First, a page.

Chartering a small plane for business travel can cost anywhere from $1.35 a mile to $200-a-minute - but under some circumstances it can be the economical way to go.
That's the position being advanced by the General Aviation Task Force which, according to an article in the current issue of Esquire, is funded by interested parties that include charter operators, aircraft makers and fuel suppliers.Through its General Aviation Market Expansion or GAME plan, the task force wants to get people in lower-level positions to consider top-executive transportation.
By writing your own flight, the task forces says, you can save days of travel time on a multistop trip, not to mention immeasurable amounts of exasperation.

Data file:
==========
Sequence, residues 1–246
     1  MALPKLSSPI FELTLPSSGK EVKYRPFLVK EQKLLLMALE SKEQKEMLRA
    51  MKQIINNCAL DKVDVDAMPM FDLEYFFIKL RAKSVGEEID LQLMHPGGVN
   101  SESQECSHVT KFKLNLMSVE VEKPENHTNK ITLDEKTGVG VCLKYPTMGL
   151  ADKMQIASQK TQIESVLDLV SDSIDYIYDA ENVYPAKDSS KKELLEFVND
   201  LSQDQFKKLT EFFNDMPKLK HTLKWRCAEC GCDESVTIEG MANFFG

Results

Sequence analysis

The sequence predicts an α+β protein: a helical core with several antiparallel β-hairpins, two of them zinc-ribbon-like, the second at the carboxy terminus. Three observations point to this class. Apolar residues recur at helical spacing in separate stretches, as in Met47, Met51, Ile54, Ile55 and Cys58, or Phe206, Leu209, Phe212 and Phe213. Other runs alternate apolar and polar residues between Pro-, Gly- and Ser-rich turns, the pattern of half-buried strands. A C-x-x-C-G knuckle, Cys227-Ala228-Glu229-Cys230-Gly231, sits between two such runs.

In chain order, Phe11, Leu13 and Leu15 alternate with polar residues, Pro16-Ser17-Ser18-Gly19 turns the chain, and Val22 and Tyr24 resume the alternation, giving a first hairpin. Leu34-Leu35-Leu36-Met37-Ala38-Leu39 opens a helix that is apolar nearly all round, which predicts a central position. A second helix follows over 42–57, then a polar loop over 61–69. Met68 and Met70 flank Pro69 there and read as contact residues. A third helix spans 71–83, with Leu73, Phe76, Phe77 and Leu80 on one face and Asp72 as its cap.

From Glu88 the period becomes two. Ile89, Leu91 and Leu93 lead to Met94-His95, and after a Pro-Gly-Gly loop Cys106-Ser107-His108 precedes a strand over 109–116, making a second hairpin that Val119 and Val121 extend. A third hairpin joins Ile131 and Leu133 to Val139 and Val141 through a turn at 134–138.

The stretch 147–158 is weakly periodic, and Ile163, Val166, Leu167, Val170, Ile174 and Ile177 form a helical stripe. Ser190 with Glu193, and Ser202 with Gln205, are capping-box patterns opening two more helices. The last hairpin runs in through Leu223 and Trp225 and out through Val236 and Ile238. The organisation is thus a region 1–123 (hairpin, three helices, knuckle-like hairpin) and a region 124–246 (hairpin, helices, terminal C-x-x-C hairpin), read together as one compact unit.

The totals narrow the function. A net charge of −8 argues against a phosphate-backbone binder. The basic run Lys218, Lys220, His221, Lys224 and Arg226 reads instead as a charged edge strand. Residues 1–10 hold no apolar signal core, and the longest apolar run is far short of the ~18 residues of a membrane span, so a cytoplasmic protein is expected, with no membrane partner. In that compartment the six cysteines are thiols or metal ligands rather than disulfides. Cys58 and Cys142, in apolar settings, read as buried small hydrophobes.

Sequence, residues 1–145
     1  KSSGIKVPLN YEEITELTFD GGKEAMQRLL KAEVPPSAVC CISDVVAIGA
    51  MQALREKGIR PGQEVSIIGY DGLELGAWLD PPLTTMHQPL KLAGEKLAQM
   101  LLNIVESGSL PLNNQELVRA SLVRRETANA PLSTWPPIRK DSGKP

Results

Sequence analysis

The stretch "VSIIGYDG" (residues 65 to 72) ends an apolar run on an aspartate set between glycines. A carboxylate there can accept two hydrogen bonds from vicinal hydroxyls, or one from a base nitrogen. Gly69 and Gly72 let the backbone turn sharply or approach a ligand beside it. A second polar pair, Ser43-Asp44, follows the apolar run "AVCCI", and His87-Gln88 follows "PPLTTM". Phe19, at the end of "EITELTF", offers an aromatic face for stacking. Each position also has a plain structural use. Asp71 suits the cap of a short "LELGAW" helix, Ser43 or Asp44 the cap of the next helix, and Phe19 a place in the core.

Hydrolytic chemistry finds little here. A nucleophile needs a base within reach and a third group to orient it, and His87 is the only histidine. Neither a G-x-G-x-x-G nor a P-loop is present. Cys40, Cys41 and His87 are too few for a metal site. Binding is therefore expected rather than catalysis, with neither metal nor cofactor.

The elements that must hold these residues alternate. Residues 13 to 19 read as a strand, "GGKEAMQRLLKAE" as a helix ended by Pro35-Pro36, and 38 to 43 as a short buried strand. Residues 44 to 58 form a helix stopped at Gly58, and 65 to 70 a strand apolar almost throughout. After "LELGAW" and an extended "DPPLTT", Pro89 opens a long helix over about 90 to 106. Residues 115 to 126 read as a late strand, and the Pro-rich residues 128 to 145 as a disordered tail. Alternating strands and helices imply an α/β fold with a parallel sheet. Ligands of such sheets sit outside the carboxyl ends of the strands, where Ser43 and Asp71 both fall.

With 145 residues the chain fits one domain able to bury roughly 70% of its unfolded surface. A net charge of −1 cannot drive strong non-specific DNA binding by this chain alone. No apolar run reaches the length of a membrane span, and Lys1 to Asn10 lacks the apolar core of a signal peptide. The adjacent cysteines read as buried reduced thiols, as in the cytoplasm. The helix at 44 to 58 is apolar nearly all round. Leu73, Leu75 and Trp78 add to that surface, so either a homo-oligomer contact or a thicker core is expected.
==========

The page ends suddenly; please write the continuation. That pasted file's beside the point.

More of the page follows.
General aviation can be costly. Charter prices range from $1.35 per mile for a four-passenger single-engine prop plane to $350-$750 an hour for an 18-passenger turboprop to $12,000-an-hour - $200 a minute - for a business jet.
If you rent just the plane but supply your own pilot, costs are lower.
The GAME people acknowledge price is a huge stumbling block, but they say a charter begins to become cost-competitive when it carries two passengers. They say it crosses into cost-efficiency when it carries three or more. Some small aircraft can accommodate up to 18 passengers, so if you fill the plane up it becomes downright economical.
GAME said the advantages of chartering or renting tended to run in inverse proportion to the size of the destination cities and the distance between them. It's on relatively short hops between cities with little commercial traffic that small planes shine.
Safety is another matter. The FAA regulates small aircraft less stringently than it does large airliners. The bottom line is that little planes are less safe.